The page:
You mentioned Dana Gioia’s thoughts that stem from his essay “Can Poetry Matter?,” and in answering some of the questions you raised in your post, I will go back to his essay for a moment. Some of the suggestions in it are still relevant today when one questions how to make poetry have a broader audience outside of the academy. One suggestion he proposes is to combine poetry with other arts forms. I will note that last night, I read at an event that featured live music and a drawing social. It had a great turnout, and I will mention that most of the people there have never been to a poetry reading before, but they were there for the music and drawing social. Yet, they told me afterwards that they enjoyed the poetry element, too. So by combining it with different art forms, it reached a bigger audience. This was also a community event, so, as you noted, there has to be grassroots action, people from various communities willing to find ways to make poetry more relevant. Combining it with different art forms is certainly one way.

      Regarding the other problems you mentioned, well, that’s more complicated. Like everything else in America, poetry has suffered from capitalism and careerism. The M.F.A. programs and the academy have made poetry much, much more insular. You have the same few people judging the same contests and editing the big magazines. They won’t speak out about the system because they are too afraid of losing the sweet teaching positions that they have. There are alternatives to this, however. As you noted, people can start their own magazines, zines, and community readings. Again, it has to come from the bottom up and grassroots action. Those voices will not the loudest, but at least they provide an alternative!

      In addition, poetry in general has to be more relevant again. A few months ago, The Atlantic published a story asking if American poetry is important at all anymore and if it even occupies a public space the way it once did. The article looked at the work of some bigger names, including Ashbery, Merwin, and Rae Armantrout, and asked why their work, and the work of the big poetry names in general, are not addressing the issues of our time more or at least speaking out on such matters. The article mentioned how Robert Lowell marched against the Vietnam war. It mentioned how William Carlos Williams wanted to use the language of America’s working-class in his poems, and it listed other examples of past poets. I think the article raised an important point. Who will pay attention to poetry if its big names are too afraid to address the issues of our time, especially with all of the social and political unrest going on?

      Poetry has to make itself relevant again, but to do so, its bigger names need to take risks, including the willingness to speak out about the very institutions they are a part of that has made it so insular in the first place. The other solution is for people to continue hosting readings in their community and launching indie presses and magazines. One doesn’t need an M.F.A. to do so.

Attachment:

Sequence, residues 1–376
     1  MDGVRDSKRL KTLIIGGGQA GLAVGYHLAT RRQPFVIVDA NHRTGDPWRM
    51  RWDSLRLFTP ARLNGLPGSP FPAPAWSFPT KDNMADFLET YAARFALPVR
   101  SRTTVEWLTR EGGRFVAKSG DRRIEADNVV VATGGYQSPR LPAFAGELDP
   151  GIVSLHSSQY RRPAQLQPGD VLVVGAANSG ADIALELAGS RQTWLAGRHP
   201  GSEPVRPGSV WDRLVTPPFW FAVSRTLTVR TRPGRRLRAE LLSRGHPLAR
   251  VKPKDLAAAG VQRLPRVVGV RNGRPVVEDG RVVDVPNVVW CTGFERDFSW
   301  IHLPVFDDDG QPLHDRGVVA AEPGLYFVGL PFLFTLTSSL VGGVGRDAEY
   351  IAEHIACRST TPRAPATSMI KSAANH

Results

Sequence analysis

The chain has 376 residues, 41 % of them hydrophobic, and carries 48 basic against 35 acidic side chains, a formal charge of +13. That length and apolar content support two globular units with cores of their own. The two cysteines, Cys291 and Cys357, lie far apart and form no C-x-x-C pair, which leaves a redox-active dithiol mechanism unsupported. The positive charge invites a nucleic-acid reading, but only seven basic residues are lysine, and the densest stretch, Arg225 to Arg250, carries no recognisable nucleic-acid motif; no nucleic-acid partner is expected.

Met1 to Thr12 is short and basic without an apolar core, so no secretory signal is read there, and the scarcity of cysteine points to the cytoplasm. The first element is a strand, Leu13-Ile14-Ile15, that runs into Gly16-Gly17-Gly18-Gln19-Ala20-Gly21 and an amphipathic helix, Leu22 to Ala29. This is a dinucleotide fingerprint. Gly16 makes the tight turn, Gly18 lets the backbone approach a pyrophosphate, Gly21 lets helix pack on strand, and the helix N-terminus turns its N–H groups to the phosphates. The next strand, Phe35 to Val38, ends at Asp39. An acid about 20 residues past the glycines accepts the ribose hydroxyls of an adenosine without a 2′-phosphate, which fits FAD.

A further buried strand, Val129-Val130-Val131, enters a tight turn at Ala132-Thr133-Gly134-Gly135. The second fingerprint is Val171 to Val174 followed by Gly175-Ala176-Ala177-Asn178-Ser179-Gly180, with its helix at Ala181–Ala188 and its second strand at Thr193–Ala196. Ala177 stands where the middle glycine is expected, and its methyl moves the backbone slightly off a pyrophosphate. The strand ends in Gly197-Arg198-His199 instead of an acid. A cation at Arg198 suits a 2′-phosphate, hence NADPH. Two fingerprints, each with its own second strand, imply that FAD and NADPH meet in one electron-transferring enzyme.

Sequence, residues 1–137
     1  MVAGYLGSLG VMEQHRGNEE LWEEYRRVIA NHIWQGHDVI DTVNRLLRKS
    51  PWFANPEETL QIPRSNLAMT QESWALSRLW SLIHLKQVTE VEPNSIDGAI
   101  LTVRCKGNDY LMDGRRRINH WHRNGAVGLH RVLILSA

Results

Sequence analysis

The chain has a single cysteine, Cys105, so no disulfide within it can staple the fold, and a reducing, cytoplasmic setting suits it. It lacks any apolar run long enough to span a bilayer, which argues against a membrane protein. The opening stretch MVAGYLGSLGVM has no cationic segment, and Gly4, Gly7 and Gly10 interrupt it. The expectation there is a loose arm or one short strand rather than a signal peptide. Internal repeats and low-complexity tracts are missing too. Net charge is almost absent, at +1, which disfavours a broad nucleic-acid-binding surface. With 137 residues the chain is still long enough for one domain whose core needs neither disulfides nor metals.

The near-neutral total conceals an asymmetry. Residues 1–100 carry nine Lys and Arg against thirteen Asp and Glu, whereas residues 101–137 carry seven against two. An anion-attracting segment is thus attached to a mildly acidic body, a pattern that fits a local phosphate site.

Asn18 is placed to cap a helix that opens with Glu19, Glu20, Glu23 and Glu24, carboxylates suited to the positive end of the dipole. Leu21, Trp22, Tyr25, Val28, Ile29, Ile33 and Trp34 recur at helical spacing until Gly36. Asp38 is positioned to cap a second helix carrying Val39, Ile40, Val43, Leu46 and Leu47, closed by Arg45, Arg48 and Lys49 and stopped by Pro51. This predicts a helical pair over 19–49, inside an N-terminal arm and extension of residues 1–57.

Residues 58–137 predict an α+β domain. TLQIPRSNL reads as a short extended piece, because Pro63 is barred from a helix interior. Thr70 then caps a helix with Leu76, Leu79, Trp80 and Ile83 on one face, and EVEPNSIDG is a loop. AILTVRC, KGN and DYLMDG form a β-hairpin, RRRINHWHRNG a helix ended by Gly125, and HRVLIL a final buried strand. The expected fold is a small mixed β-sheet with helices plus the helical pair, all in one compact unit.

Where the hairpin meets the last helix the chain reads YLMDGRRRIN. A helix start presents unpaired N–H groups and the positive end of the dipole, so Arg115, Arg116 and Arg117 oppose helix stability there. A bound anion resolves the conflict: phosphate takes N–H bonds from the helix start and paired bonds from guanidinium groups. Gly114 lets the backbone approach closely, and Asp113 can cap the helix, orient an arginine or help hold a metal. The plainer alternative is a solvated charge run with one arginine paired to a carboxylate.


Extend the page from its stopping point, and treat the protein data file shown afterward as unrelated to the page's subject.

2. John says:

    I think you make a good point, about poetry being relevant again — though, as a whole, it has been a very long time since poetry has had the relevance you mention. Since Vietnam? Since the poem of Owen and Sassoon?

    Of course, there have been poems in response to major events: 9/11, for example. And “Rattle” magazine has their weekly poem about current events — there have been some rather good poems. But, as a whole, poetry is, as you (and Bolina) say: poets talking among poets. There seems to be more emphasis on style than on subject. And, I agree: we don’t hear Ashbery speaking out about injustice, or Oliver on equality.

    But, again — relevance? How long has it been since poetry has been relevant? There are voices, pockets, enclaves; but none seem to reach big audiences. None of the magazines with the largest subscriber base publish poetry, which makes it tough to reach bigger audiences. Even the big poetry magazine “Poetry” publishes about 50,000 copies per issue. That’s a tiny, tiny audience. That’s pretty much one for every Creative Writing teacher. Poetry and art evenings can be enjoyable, but, again, tiny audience. If our national exposure to poetry is the every-four-year Inaugural poem, that’s not going to help.

    I think that part of the issue is that we offer very poor poetry introduction to our children. Schools don’t teach poetry well (if at all). Shakespeare, Chaucer, Milton — fine writers, but certainly of limited appeal to a teenager. I’ve said on my own poetry blog that we should teach poetry like we teach math. In mathematics, we start with one plus one, two plus two; then we move to subtraction, multiplication, division — there is a simple beginning, and each step builds on the previous one. To teach poetry, handing someone a book of John Berryman poems, or Shakespearean sonnets can be overwhelming, even a turn-off. To understand the more complex poems, one needs an understanding of how to read the more accessible poems (and, yes, I know: some people find the word ‘accessible’ to be a horrible word when it comes to poetry). I’m a student who, later in life, has returned to school to get the writing degree I wanted to get back when I was 20 and everyone told me not to get. A few months ago, I took a poetry workshop class — taught by someone who strongly, firmly, adamantly believed that a poem “should *not* have meaning.” She believed that poems that tried to have meaning were “showing off.” How can you make something without meaning relevant? How can you attract a larger audience to something that means nothing?

    Like many of today’s issues the problems are systemic in nature. Changing the system is never easy. Not impossible. But certainly not easy. It’s an interesting problem.

    Thanks for your reply.